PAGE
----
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Article
July 1989

Varicella-Zoster Retinitis in Human Immunodeficiency Virus Infection

Author Affiliations

Columbus, Ohio

Arch Ophthalmol. 1989;107(7):960-961. doi:10.1001/archopht.1989.01070020022014
Abstract

To the Editor.  —Infection with the human immunodeficiency virus (HIV) manifests itself in a spectrum of clinical findings, including viral retinitis. Cytomegalovirus is the most commonly described opportunistic infection in the retina. We present a case of varicella-zoster retinitis, confirmed with immunofluorescent studies, that occurred in a patient with an HIV infection.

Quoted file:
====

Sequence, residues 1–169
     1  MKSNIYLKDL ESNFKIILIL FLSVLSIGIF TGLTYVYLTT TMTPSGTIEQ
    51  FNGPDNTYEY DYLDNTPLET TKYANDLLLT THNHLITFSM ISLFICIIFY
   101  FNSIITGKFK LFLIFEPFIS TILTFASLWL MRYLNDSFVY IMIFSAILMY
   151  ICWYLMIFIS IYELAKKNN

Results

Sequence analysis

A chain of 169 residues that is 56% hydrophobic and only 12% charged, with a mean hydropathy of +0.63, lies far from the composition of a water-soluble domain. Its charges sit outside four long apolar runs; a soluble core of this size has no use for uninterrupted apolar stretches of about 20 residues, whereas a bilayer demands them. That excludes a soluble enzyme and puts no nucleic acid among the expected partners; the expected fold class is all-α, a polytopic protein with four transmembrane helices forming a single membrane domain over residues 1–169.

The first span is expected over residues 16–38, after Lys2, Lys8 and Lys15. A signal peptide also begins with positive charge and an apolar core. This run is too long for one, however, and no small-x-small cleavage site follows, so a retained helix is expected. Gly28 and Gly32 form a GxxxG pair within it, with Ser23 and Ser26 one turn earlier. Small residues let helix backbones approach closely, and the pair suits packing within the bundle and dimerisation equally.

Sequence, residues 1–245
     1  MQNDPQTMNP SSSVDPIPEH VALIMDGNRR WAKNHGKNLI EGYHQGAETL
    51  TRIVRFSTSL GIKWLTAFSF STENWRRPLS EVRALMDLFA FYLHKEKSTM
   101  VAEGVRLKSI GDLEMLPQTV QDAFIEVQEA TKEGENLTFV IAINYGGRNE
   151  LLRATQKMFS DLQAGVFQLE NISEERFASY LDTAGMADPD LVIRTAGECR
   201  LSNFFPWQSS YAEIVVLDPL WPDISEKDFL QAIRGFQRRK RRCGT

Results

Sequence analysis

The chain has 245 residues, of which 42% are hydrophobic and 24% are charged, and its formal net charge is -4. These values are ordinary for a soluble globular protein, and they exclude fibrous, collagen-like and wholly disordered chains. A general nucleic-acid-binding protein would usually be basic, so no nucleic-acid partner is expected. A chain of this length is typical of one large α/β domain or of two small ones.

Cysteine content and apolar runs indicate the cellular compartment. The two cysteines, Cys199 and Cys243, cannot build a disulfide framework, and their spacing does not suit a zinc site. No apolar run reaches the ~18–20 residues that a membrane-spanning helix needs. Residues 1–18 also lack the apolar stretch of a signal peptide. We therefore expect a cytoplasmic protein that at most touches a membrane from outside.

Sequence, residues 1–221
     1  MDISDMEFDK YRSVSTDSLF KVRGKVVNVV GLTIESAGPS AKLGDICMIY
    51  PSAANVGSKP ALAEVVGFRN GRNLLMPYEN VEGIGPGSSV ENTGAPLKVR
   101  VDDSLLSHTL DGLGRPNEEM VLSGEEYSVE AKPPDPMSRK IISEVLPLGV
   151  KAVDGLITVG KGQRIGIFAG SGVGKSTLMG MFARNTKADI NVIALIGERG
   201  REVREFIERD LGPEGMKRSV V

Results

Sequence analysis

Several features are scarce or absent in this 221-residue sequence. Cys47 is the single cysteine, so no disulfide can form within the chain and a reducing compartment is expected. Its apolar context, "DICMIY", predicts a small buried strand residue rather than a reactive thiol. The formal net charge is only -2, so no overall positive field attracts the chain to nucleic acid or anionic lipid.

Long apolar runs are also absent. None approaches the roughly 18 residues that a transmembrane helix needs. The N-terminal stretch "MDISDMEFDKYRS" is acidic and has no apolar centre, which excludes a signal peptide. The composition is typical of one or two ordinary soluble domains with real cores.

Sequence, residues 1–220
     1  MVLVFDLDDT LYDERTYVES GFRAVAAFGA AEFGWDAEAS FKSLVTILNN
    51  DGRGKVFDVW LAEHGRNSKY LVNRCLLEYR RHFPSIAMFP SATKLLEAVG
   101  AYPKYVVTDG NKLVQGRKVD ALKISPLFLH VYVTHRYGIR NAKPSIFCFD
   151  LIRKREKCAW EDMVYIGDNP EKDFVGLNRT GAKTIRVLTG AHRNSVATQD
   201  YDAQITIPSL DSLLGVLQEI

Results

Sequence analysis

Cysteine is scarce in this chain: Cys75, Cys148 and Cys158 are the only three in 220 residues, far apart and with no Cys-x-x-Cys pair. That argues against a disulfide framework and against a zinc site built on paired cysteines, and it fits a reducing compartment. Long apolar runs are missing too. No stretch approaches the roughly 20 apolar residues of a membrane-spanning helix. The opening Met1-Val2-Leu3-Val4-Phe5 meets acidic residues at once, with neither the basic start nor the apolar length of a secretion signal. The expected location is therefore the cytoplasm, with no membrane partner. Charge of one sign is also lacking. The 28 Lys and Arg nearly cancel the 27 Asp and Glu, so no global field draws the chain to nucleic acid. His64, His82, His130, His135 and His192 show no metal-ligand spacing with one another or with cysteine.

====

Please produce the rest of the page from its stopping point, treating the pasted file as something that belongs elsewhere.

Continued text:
Report of a Case.  —A 39-year-old homosexual man was seen at the ophthalmology clinic with a 1-month history of redness and decreased vision in the right eye. He had tested positive for HIV 4 months previously and had a history of oral candidiasis, intestinal giardiasis, and genital herpes simplex. The patient had been taking zidovudine for 1 month.In addition to a corneal epithelial dendrite and anterior chamber cell and flare, the patient had cutaneous vesicles consistent with herpes zoster ophthalmicus. The results of the fundus examination of both eyes were normal. The patient was treated with

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